Our childhood forms us and sets us on a distinct path for the rest of our lives. As a child, nothing matters more than the people we look up to and the love we receive.
But the face of the modern family is changing, with single parents, joblessness, and whatnot, and grandparents are stepping up to the plate more often. A recent study estimated that one in 10 children in America are being raised by their grandparents.
While it's not the most traditional setup, grandparents are older, wiser, and apparently doing a pretty good job of parenting later in life, by the looks of it. Here are eight wildly successful celebrities and the stories of the incredible grandparents that made them who they are today:
Little did Stanley and Madelyn Dunham know they were raising a future president. A 10-year-old Obama was sent to Hawaii to be raised by his grandparents after his parents divorced and his mother moved to Indonesia. Over 35 years later, Obama was elected the first black president in American history -- but it was a bittersweet moment. Obama's grandmother passed away on the eve of election day.
"And while she's no longer with us, I know my grandmother is watching, along with the family that made me who I am. I miss them tonight, and know that my debt to them is beyond measure," Obama said in his 2008 victory speech.
The "American Horror Story" star was raised by his grandmother after his mother was murdered when he was just 5. His grandmother, Avis Marino, stepped in to raise him and his sister, Robin.
"It was my grandmother who raised me, and living with her and my sister is what I remember best. It was the family unit that is special to me. My grandmother was the best," McDermott told The Hartford Courant.
While Oprah's mother had to move to the Midwest for a job, Oprah stayed on a Mississippi farm and was raised by her grandmother Hattie Mae Lee. She stayed there in Mississippi until she was 6 but then her grandmother fell ill and Oprah had to move to Milwaukee to be with her mother.
"It actually probably saved my life," Oprah said of her time in Mississippi. "It is the reason why I am where I am today because my grandmother gave me the foundation for success that I was allowed to continue to build upon. My grandmother taught me to read, and that opened the door to all kinds of possibilities for me. And had I not been with my grandmother...I probably would not have had the foundation that I had."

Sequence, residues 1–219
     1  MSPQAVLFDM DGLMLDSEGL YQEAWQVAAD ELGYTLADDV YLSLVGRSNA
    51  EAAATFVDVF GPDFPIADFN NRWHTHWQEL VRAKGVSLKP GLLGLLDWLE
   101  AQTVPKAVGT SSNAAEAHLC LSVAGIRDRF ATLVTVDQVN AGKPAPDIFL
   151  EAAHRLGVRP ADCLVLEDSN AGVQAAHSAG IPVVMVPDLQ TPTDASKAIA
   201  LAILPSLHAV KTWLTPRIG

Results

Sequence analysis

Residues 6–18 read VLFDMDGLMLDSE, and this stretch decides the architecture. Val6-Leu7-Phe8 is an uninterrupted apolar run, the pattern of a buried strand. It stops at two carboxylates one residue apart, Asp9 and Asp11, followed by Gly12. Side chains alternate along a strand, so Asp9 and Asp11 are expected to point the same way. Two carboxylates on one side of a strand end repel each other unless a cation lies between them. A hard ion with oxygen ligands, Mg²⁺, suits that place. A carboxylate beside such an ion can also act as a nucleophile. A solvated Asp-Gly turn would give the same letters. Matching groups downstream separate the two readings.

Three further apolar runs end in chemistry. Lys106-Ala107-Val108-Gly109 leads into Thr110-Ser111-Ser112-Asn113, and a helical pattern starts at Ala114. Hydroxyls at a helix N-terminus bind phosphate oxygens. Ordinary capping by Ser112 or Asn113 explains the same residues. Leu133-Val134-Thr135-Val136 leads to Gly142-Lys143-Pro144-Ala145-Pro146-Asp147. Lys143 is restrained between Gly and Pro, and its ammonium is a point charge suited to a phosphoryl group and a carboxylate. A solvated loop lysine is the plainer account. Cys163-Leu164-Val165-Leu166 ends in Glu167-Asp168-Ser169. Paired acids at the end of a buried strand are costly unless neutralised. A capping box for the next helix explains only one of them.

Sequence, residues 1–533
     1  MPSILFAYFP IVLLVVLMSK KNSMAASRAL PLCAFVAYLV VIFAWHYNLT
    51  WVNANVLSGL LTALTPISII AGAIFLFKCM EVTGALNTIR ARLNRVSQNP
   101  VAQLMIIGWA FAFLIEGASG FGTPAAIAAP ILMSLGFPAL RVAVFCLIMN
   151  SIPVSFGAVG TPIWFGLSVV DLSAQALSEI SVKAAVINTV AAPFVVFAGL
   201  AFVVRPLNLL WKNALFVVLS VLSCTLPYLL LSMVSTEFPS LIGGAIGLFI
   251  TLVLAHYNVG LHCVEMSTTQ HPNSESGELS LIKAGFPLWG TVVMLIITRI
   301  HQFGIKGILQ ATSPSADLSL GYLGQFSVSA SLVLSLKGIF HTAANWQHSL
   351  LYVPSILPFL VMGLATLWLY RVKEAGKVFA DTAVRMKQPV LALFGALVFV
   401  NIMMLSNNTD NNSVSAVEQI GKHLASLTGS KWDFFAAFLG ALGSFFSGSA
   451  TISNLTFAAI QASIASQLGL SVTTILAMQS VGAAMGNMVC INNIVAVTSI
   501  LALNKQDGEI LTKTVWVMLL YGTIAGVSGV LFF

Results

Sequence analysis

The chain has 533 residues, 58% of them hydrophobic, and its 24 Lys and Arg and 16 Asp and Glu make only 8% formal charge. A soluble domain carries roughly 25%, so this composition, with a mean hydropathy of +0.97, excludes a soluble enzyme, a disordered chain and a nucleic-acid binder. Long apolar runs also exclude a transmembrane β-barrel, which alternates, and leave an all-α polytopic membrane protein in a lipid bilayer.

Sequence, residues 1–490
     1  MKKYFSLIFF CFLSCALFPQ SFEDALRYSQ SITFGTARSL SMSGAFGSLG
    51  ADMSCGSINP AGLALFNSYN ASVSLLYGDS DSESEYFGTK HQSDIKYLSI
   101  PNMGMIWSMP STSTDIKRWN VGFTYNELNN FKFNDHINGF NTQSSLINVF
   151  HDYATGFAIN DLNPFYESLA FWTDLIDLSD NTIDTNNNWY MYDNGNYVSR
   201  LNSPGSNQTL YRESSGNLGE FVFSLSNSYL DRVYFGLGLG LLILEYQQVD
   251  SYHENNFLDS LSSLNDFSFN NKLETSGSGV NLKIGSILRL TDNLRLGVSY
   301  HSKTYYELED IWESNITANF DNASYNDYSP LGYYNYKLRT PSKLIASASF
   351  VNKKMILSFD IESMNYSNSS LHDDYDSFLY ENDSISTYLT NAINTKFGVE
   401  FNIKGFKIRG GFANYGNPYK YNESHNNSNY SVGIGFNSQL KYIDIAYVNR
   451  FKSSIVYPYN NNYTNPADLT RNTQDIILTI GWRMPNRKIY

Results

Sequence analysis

Nicholson's childhood was seemingly normal. He grew up with parents John and Ethel May, and a sister, June. June passed away when Nicholson was 26 and a decade later her received some shocking news. A TIME Magazine reported discovered that June was in fact Nicholson's mother, not his sister. She had gotten pregnant as a teenager, and not knowing who the father was, her parents agreed to raise the child as their own.
"I'd say it was a pretty dramatic event, but it wasn't what I'd call traumatizing. After all, by the time I found out who my mother was, I was pretty well psychologically formed," Nicholson said of the discovery. "As a matter of fact, it made quite a few things clearer to me. If anything, I felt grateful."
Remember Carol Burnett's signature ear-tug at the end of every show? Bet you didn't know what it meant.
The gesture was a way of saving "Hello, I love you," to her grandmother who raised her.
Burnett moved in with her grandmother after her parents divorced when she was young. Living in Hollywood with "Nanny" as she called her grandmother, Burnett discovered her love of entertainment. Each week her grandmother would save up so they could go to the movies.
Born in a sleepy Arkansas town, Clinton's grandparents took over his care when his father died in a car crash and his mother had to leave him to attend nursing school.
Clinton who's known for his academic prowess, thanks his parents for instilling a love for education in him at a young age. By the time he was 3, he was already counting and reading. "My grandparents had a lot to do with my early commitment to learning," Clinton said.
The country music legend got his first taste of music, growing up with his grandparents. His parents divorced before while he was an infant so his grandparents took over his care. Nelson attended church with his grandparents and they encouraged him to sing and play instruments. By age 6, he was able to play the guitar!
"They sang the old-fashioned shape notes, you know, and we’d sing in church: do-re-mi-fa-so-la-ti-do. I had a lot of fun and learned a lot. And I feel like that the education that I received in Abbott, Texas, was as good and as general as one that I could have found anywhere in the world," Nelson said.
The author, who is now herself a great-grandmother, was raised by her grandmother, after she and her brother were abandoned by their parents.
"I loved my grandmother...I try to be the same kind of grandparent I had," Angelou said. "My grandmother was the best."